For those of you who are still uncertain of what it is, GDPR stands for General Data Protection Regulation – legislation giving individuals in the European Union more control over their personal data. Because so many US organizations operate in one way or another in the EU, it's prudent for all to ensure they are compliant with the GDPR.
Before going on, please understand that this post is intended to be helpful but should not be considered legal advice. You should consult a lawyer to verify your practices are GDPR compliant.
The General Data Protection Regulation (GDPR) is a European Union law that came into effect on May 25, 2018 and governs how companies and organizations use personal data of all people (but not legal entities like corporations or nonprofits) physically within the EU. The regulation makes no distinctions based on an individual's permanent places of residence or nationality.
The GDPR applies to all commercial and professional transactions of "controllers" and "processors" of data:
- Controllers are the principal entities, such as educational institutions, to transactions with individuals. They are the entities that govern the purposes, uses, and methods related to the "processing" of personally identifiable information.
- Processors are organizations, such as SaaS businesses, that actually carry out the processing activities.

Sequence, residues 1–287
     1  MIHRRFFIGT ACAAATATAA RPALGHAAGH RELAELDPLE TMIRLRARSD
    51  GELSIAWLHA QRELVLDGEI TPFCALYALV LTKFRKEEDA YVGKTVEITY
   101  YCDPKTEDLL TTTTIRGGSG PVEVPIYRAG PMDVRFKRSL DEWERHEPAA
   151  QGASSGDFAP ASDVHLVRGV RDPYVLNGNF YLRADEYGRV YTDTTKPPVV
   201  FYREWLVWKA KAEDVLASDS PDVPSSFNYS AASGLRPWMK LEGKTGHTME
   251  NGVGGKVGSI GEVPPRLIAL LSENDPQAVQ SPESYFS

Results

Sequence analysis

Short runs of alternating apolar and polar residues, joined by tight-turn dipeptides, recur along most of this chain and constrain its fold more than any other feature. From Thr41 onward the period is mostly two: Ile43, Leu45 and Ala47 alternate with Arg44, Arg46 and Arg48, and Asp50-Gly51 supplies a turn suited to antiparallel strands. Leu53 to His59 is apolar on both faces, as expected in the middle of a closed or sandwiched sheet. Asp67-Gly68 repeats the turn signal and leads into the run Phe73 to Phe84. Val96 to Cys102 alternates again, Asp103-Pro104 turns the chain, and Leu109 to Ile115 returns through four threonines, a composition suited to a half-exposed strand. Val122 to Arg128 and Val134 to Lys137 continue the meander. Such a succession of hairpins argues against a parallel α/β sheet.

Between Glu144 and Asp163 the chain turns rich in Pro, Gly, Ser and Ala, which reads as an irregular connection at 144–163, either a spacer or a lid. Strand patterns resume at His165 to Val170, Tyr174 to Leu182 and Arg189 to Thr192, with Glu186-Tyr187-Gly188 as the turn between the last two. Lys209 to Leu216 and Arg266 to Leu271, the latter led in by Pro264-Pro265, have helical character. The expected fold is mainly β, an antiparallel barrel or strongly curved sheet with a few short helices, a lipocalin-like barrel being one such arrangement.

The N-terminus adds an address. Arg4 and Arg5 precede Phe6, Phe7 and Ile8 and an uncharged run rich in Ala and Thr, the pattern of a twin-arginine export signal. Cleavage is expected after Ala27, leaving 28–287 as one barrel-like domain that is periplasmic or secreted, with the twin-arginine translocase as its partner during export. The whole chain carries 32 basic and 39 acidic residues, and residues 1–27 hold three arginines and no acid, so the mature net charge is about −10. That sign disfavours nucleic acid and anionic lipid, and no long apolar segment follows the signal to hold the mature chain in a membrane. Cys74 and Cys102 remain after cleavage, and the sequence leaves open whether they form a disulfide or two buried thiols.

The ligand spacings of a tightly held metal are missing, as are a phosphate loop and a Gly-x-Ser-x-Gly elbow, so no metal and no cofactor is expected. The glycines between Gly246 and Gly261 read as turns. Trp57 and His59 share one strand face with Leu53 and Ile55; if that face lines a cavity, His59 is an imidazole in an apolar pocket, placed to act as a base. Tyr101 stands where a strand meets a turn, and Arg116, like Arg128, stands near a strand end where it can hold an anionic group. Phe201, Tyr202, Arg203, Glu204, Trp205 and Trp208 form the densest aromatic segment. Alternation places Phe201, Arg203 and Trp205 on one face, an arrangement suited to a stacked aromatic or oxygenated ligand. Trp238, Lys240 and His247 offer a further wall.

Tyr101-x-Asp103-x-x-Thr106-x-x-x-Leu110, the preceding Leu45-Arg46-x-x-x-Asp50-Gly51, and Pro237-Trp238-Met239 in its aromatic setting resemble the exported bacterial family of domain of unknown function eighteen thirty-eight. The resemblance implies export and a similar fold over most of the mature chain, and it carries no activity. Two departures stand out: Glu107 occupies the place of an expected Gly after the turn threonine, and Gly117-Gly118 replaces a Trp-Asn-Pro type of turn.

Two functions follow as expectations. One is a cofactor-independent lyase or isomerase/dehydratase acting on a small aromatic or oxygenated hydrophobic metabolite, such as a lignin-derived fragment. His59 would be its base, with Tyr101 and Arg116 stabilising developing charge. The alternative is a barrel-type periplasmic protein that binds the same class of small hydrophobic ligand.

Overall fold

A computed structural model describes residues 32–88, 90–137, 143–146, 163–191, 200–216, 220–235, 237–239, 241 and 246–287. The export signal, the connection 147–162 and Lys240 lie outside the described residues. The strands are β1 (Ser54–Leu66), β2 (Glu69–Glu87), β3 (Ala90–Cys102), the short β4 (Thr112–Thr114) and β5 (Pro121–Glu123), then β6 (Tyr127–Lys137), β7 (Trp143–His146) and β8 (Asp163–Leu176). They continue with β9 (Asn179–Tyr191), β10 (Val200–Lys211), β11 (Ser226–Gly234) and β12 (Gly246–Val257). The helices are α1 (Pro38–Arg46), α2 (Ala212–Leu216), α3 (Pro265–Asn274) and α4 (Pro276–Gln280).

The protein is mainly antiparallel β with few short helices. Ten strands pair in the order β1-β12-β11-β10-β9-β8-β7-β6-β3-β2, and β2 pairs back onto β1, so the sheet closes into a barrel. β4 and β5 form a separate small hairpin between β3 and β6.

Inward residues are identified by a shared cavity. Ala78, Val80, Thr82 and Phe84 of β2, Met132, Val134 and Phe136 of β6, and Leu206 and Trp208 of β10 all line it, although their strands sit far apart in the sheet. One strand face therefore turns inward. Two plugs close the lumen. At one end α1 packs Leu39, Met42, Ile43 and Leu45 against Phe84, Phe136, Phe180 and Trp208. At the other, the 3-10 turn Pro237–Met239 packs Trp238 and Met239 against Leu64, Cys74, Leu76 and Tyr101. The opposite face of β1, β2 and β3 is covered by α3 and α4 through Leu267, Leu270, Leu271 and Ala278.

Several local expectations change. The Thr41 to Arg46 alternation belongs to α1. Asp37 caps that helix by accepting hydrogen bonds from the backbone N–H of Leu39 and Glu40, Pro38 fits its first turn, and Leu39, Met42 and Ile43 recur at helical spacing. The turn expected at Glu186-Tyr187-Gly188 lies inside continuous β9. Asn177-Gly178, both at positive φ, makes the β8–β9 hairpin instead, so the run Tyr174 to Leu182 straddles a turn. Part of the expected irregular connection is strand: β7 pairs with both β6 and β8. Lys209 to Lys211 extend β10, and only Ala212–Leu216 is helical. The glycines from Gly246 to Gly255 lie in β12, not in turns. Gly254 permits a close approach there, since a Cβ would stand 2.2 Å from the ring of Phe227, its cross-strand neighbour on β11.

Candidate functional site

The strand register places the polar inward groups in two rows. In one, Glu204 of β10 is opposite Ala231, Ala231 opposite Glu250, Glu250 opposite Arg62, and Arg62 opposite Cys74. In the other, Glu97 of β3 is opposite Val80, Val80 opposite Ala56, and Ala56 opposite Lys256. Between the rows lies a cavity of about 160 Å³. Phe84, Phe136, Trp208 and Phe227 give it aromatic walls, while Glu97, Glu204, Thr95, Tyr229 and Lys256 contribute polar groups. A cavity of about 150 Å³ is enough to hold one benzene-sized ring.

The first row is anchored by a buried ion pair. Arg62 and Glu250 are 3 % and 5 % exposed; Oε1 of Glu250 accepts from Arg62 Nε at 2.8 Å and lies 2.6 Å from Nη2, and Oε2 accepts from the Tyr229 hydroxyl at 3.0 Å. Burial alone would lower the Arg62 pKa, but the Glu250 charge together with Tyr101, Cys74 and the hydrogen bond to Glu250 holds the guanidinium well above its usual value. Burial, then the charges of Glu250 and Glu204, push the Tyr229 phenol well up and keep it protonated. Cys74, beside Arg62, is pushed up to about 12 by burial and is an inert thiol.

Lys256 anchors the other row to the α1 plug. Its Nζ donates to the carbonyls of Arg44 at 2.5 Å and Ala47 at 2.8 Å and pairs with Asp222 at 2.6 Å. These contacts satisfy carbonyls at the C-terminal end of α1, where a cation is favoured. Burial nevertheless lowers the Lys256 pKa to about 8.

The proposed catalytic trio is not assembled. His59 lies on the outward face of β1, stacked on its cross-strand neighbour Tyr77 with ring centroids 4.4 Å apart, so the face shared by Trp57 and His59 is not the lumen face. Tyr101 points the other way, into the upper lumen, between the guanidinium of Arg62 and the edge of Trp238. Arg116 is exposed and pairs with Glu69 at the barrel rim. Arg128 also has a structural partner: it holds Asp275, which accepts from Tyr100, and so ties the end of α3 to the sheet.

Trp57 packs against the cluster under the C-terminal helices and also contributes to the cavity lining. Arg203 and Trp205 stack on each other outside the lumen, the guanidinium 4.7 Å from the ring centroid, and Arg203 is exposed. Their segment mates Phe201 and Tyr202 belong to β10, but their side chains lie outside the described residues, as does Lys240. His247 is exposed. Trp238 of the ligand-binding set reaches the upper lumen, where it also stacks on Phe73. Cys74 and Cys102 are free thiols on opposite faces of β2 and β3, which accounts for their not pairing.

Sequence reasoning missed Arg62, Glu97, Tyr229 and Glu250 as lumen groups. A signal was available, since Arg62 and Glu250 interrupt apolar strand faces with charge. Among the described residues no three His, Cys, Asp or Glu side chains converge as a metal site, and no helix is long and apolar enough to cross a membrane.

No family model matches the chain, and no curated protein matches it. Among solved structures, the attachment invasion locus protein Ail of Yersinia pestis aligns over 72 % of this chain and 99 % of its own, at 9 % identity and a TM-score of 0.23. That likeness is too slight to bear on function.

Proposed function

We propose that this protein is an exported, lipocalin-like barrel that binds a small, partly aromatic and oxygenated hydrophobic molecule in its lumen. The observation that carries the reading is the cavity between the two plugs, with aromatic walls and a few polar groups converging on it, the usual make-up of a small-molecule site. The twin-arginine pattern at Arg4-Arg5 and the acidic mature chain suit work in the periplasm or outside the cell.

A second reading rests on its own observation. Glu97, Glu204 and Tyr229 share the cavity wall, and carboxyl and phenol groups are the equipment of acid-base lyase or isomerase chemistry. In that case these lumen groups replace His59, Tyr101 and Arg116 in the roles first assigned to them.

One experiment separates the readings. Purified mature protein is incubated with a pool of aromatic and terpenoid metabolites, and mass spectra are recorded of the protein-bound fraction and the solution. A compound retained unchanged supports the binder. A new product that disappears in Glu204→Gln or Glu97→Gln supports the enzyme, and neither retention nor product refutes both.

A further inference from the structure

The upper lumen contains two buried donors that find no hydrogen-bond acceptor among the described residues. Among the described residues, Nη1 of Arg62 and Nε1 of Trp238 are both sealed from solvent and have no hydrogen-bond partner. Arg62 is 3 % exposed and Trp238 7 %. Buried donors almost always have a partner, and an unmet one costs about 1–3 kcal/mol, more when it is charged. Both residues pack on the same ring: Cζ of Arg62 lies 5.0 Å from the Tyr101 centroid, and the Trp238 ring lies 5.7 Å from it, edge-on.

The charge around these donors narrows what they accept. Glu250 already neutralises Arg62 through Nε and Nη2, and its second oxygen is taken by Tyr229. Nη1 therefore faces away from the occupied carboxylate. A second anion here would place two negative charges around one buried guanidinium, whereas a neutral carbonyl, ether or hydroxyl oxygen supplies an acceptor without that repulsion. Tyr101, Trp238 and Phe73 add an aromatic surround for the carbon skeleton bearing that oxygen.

Processing under the GDPR means obtaining, recording, or holding the information, or carrying out any operation or set of operations on the information. For example, a university's database of prospective students, and any emails or text messages sent to individuals with that database, would be considered processing.
The GDPR applies to all individuals' personal data or any information that can be used to, directly or indirectly, identify a person. Personal data means almost anything that could identify a person. This includes not only obvious information such as names, email addresses, physical addresses, health data, financial and employment-related records, phone numbers, but also device IDs, photographs, IP addresses, and even some cookie data.
Thanks to the new laws, EU citizens will now be able to understand what personal data is being collected by businesses, meaning prospects will have greater control over their data. If a company or organization fails to comply, it may result in significant fines.
Does America have to comply?
Since most US businesses operate solely within the US and don't necessarily target EU-based customers, they are unaffected by the implementation of the GDPR. There are two situations which US companies and organizations should closely monitor:
- The organization offers goods or services to EU-based individuals (whether for payment or not)
- The organization monitors the behavior of EU-based individuals (including via cookies). This, importantly, may also capture companies providing B2B services to businesses based in the EU, such as hosted data services, data analytics platforms, and outsourced business functions.